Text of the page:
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  6. Sonny Blount (1,782 comments) says:

    What is wrong with the price just being the price.

    I don’t really want to organise cards and payments. I’d prefer to just pay for what I need, when I need at a good price.

    At the moment as a car commuter I subsidise the public transport system through my rates and then on the occasions that I do take a bus I get stung for not taking it 10 times.

    Is it justified to give some ratepayers a preferential price over others?

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  7. Jim (398 comments) says:

    Council numpties that can’t see past the end of their pencil.

    Presumably this was set at a 20% to keep it simple and easy to understand.

    Now some twit wants to make it 17% in one zone (and keep 20% in others – although that’s not explicitly mentioned). The likely reason being that the council can claim it did not increase the published fare by as much as they need to.

    It takes a special kind of person to think that way.

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  8. bhudson (4,740 comments) says:

    Given the scale of ratepayer subsisdies for PT in greater Wellington, the clear deduction is that usage is ‘sub-optimal’. How then is effectively raising the price going to help to increase demand?

    Of course if it reduces demand (which is a generally accepted implication of the principle of supply & demand – PT demand is not generally, let alone universally, inelastic) then we can anticipate a further increase in the ratepayer subsidisation.

    Has Jim Henson’s production company taken over the WRC?

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  9. gazzmaniac (2,307 comments) says:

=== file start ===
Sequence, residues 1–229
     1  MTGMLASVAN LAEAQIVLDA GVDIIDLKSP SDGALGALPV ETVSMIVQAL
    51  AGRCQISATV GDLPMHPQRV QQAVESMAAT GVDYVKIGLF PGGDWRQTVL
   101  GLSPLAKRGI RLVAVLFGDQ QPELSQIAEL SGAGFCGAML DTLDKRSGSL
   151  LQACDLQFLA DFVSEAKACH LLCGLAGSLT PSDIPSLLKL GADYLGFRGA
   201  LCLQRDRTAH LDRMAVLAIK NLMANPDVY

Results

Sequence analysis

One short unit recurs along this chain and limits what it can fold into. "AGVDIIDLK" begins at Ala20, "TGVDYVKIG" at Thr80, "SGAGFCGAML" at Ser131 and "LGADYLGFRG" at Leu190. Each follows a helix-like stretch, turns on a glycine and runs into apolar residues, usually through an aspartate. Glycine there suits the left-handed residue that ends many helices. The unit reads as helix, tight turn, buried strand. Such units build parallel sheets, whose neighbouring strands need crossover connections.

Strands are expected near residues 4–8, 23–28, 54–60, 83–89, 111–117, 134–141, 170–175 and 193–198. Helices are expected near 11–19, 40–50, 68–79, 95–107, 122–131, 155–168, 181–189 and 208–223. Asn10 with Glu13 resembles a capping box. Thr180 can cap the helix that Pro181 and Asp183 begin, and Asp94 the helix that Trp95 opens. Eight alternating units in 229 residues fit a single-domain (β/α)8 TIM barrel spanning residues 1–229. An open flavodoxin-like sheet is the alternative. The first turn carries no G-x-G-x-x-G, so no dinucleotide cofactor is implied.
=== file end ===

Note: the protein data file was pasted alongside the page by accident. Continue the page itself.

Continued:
Carlos said

    In Beijing a few years ago they dropped the price of a bus trip from 2.00 RMB down to 0.40 RMB for those with cards, but didn’t reduce the cash fare at all. The result was that there were massive queues for people wanting to use buses.

    In Queensland in the last few years since the introduction of the GO card, the price of a fare to Brisbane from my local railway station on the Gold Coast has kept pace with in inflation, and is about $8 one way. The price for my friend who was visiting for Soundwave last weekend and had to buy a paper ticket was over $15, and you can’t buy a return fare any more.
    It’s a good idea in theory, but in this part of the world I believe it will be used as an excuse to raise the cost of paper fares rather than a discount for using a prepaid card.

    Campit said

    Yep agree. And if there is excess capacity at off peak times then price tickets cheaper for off-peak travel as well.

    They always used to do that on the trains in Wellington (I can’t say whether they still do since I don’t ride the train in Wellington any more). They also give away freebies to old people which I disagree with – it should be $3 for a pensioner to go wherever they want like in Sydney. Still a discount but not free.

    People hold up Sydney as a good example of how public transport should be run, and it is. The trains usually run on time and are pretty efficient especially compared to driving, it’s reasonably cheap, and the buses are tolerable and have pretty good timetables even on Sundays. But it’s still complained about in Sydney. It is never good enough for some people and the media are always going on about how bad it is. No matter how good a system you have, there will still be complaints.

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  10. lagphi (1 comment) says: